If I Fall, If I Die tells the story of Will, a young boy living with his agoraphobic mother in Thunder Bay. As the novel opens, Will ventures forth outside his home for the first time. Through an artistic outsider, Will is introduced to the world of skateboarding and gradually pulled outside the confines of his small world.

The Star calls the novel “A sort of Alice in Wonderland in reverse, where a kid from a place where fantasy reigns clambers out of his rabbit hole and emerges, awestruck, into the real world.”

If I Fall, If I Die was longlisted for the Scotiabank Giller Prize and was selected as a New York Times Editors' Choice. Michael's previous collection of short stories, The Beggar's Garden, was longlisted for the Scotiabank Giller Prize, was a finalist for the Writers' Trust Prize for Fiction, and won the Vancouver Book Award. H …

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Notes From a Children's Librarian: Books on Health and Wellness

Our Children's Librarian columnist, Julie Booker, brings us a new view from the stacks every month.


The Health curriculum in the Junior Division focuses on self-awareness—understanding personal strengths, recognizing sources of stress, making decisions, and evaluating choices—as students acquire knowledge and skills related to healthy living. Sometimes picture books can be overlooked for Juniors as a way to open up discussion of these vital concepts—but in this list, we take advantage of them. 


Whimsy’s Heavy Things, by Julie Kraulis, with its beautiful dream-like illustrations, is the story of Whimsy and all that weighs her down. The heavy things look like black balls (the size of bowling balls). She tries sweeping them under the carpet, ignoring them, sinking them, but they always come back, causing even greater problems. Finally, she thinks of breaking them into smaller pieces—i.e. into marbles with her friend—thus, making her heavy things lighter.


Book Cover Max's Treasure

Max’s Treasure, by Michelle Persyko, photography by Jessica Newman, illustrated by …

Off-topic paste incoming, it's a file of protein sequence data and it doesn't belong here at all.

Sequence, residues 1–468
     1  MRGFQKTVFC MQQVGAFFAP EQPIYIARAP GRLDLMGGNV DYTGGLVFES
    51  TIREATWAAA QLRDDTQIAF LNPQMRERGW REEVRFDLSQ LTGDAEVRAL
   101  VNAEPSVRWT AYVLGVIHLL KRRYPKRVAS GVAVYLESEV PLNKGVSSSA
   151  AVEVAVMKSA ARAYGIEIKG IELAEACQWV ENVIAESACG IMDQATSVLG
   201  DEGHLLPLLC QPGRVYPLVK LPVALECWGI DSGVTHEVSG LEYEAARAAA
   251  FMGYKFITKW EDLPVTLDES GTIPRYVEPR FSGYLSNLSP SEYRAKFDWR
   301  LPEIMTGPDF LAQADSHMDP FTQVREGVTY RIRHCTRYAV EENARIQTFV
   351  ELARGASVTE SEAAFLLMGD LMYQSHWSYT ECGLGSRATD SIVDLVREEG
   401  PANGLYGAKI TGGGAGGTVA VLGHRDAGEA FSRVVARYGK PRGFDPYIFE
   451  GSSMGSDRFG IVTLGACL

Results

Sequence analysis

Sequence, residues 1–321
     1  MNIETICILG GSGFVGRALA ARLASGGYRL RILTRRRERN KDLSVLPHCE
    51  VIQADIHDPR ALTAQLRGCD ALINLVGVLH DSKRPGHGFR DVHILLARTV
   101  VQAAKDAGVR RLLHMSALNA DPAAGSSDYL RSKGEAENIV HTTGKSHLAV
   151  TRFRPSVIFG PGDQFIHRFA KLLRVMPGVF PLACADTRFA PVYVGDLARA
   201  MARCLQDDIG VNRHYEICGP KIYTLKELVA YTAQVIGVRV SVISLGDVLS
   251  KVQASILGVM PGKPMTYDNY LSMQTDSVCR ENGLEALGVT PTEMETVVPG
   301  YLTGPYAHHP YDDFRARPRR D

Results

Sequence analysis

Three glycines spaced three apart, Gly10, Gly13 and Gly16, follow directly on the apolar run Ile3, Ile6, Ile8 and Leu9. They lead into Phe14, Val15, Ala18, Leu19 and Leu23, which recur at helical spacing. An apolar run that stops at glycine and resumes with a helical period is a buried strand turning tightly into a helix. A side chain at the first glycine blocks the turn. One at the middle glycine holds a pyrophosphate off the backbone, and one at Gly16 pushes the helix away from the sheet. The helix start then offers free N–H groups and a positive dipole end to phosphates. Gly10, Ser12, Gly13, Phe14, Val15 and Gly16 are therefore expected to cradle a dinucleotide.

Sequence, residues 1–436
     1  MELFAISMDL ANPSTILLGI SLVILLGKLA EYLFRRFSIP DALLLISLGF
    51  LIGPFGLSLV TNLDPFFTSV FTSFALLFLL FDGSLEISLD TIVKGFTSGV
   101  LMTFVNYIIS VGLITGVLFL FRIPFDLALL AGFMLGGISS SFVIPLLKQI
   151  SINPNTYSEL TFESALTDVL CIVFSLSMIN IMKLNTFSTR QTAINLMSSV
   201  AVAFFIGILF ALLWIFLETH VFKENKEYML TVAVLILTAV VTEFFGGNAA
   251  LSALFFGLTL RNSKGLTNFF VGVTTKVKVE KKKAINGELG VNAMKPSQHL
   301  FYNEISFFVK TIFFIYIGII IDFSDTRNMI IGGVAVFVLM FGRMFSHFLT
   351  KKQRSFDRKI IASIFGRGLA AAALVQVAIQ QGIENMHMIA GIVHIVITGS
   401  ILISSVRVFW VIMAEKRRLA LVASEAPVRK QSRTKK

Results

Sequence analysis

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The Chat with Brian Francis

Francis_Brian high res colour Credit Samuel Engelking

Today, we’re in conversation with Brian Francis, author of the acclaimed YA novel—and Governor General’s Award-nominated—Break in Case of Emergency.

Centred around the story of a girl named Toby, the novel has been praised for opening up important conversations about teen mental health. According to the Globe and Mail, “Francis beautifully explores issues around mental health and suicide in a story that packs a powerful punch and stays with you long after you close the book."

Brian Francis is the author of two previous novels. His most recent, Natural Order, was selected by the Toronto Star, Kobo, and The Georgia Straight as a Best Book of the Year. His first novel, Fruit, was a CBC Canada Reads finalist and was selected as one of and 49th Shelf’s “100 Canadian Books to Read in a Lifetime.” He lives in Toronto.


Trevor Corkum: Break in Case of Emergency takes us back to 1992, and tells the story of Toby, a teenaged girl who has just learned that the father she has never met is coming to visit. Not only that, but her father …

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The Chat with Eufemia Fantetti

Eufemia Fantetti B&W PRINT

Today's chat is with Eufemia Fantetti, author of the brand new memoir My Father, Fortune-tellers, & Me, out now with Mother Tongue Publishing. It shares the story of the author’s experience growing up with a mother with severe mental health issues, and charts her lifelong relationship with her mother and father, both first generation Italian-Canadians.

Author Terri Favro calls the work “Utterly original and riveting, this book will tear your heart out.” You can check out the trailer here.

Eufemia Fantetti, a graduate of SFU’s Writer’s Studio and the University of Guelph’s Creative Writing master’s program, is a three-time winner of Accenti Magazine’s annual writing competition. Her work appears in Event Magazine, The New Quarterly and the Globe and Mail and is listed as notable by the Best American Essays Series. Fantetti is also an award-winning playwright and former stand-up comic. She teaches writing at Humber College and edits for the Humber Literary Review. Her debut book, A Recipe for Disaster & Other Unlikely Tales of Love, runner-up for the 2013 Danuta Gleed Literary Award and winner of the 2014 F.G. Bressani Literary Prize for short fiction, is also available from Mother Tongue Publishing.